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US software giant to invest R1,3bn in B-BBEE programme

Home Business Management Finance & Investment US software giant to invest R1,3bn in B-BBEE programme

MICROSOFT and the Department of Trade, Industry and Competition (DTIC) have agreed to a R1,32 billion investment to be deployed over the next ten years in the development of black-owned SMMEs in both tech and non-tech sectors. The agreement makes provision for skills development of young black South Africans in emerging technologies and includes a commitment to research and development to prepare South African industries for the fourth industrial revolution (4IR).

The investment, facilitated under the Equity Equivalent Investment Programme (EEIP) provisions of the Broad-Based Black Economic Empowerment Act (B-BBEE Act) is designed to provide multinationals like Microsoft, which are not able to facilitate local ownership in their companies, with an avenue to accrue BEE points through the pursuit of objectives like enterprise and supplier development; skills development; and research and development for black South Africans.

At an event at the Microsoft offices in Sandton, Minister of Trade, Industry and Competition Ebrahim Patel formally signed the certificate that was issued to Microsoft under the relevant legislation, sealing the deal.

The financial value of the commitment is calculated on estimated turnover of the company over the next ten years.

According to the DTIC, in terms of the agreement, the Microsoft R1,3 billion commitment will be allocated as follows:

An enterprise development initiative, estimated to be R663 million, with a portion focused on technology start-ups owned and operated by black South African entrepreneurs and development of new solutions in disruptive technologies; and a portion focused on companies not in the technology sector, encouraging greater use of technologies like machine learning and other forms of artificial intelligence (AI) by black-owned SMEs;

A skills development initiative, estimated to be R347 million will focus on providing intensive training to young black South Africans through 8 – 12-month certification courses and learnerships which will see about 1,000 beneficiaries accredited with certifications in emerging technologies, like AI and data analytics; and

An R&D initiative, estimated to be R160 million, which will invest in research programmes. This includes a R50 million investment which will be spent in consultation with the Localisation Support Fund to introduce emerging technologies into industrialisation and localisation initiatives.

Provision is also made for funding for marketing and administrative support that Microsoft will put in place, to ensure a well-administered programme with significant impact.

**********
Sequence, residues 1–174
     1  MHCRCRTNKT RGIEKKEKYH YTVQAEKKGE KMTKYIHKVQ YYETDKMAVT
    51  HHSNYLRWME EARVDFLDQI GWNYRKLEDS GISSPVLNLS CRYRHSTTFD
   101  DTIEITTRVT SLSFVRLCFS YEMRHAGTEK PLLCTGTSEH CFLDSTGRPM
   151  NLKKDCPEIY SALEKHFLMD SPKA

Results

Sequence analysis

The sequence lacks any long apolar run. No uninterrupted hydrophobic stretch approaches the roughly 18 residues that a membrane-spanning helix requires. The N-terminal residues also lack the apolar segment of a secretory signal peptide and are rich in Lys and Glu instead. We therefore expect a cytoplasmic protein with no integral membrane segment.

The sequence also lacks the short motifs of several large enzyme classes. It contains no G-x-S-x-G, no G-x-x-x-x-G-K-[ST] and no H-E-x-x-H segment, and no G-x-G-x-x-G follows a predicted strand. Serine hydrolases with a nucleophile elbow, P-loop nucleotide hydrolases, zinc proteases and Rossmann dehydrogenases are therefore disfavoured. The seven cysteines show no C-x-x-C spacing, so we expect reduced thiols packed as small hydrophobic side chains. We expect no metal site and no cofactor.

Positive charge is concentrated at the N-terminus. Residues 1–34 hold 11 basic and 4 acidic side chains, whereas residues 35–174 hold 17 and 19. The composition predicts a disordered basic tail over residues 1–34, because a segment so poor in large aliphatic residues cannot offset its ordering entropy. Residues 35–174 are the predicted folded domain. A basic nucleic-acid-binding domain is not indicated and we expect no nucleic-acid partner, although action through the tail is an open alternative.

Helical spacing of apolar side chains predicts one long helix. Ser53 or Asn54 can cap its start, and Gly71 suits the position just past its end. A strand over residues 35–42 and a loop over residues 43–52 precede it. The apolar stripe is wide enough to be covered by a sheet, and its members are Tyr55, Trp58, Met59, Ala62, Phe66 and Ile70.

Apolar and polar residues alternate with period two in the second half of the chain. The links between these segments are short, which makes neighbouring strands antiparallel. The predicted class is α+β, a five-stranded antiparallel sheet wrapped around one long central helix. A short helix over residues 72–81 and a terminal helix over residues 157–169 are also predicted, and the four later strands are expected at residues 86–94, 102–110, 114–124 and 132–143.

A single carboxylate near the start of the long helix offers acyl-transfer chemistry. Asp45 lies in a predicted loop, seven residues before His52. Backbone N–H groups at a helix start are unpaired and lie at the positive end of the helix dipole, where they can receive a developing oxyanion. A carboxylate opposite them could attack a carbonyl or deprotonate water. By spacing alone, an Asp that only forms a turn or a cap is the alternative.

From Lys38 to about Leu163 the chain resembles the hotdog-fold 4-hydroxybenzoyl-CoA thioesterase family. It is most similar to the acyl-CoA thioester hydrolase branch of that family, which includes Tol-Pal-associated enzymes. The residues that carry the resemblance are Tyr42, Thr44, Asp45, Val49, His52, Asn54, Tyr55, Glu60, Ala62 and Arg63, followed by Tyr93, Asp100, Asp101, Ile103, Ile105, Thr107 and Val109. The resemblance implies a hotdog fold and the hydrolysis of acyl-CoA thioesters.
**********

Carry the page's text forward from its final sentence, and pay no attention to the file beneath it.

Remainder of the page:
The investment by Microsoft adds to the growing number of agreements concluded during the past five years of the 6th Administration in terms of the EEIP provisions of the B-BBEE Act, which includes the R6 billion Automotive Industry Transformation Fund, committed to by seven large car assemblers, BMW, Ford, Isuzu, Mercedes-Benz, Nissan, Toyota and Volkswagen; a R384 million investment by Amazon Web Services; a R340 million fund established by JPMorgan; and a R200 million grant by Citibank for black-industrialists in the Vaal Special Economic Zone.

“South African law permits, in specific circumstances, that foreign investors who are unable to include black South Africans in their ownership structures, nonetheless gain points on the BEE scorecard by developing what is called an ‘equity equivalent’ investment plan that is then considered by Government. Such a Plan typically deals with pursuit of transformation objectives like enterprise and supplier development; skills development; and research and development that brings black South Africans into the mainstream economy. It is part of the flexibility that was introduced to enable foreign-owned businesses to operate in the domestic environment,” Patel said.

“The R1,3 billion Microsoft deal, the largest by a single company under the equity equivalent provisions of the legislation, brings the total value of agreements concluded during this administration to more than R8.2 billion. Since we started the Black Industrialist Programme eight years ago, we have built a network of more than 1,700 black-owned and controlled industrial champions which have been backed by the DTIC and its agencies. These firms employ more than 160,000 South Africans directly. The Microsoft Fund will assist in accelerating the development of black industrialists, equipping them with the technology needed to thrive in the Fourth Industrial Revolution,” he said.

“The Fund will assist black South Africans in non-tech sectors to harness the power of technology and improve their competitiveness and ability to innovate and expand their operations. It will also act as a bridge to enable young people to get training, certification and job-placement, so that talented South Africans gain access to the opportunities that arise from an increasingly digitalised world,” Patel said.

According to Lilian Barnard, president for Microsoft Africa, “This investment represents our commitment to empowering individuals and small businesses to be part of Africa’s digital economy, and to drive job creation and growth that will benefit the entire region.”

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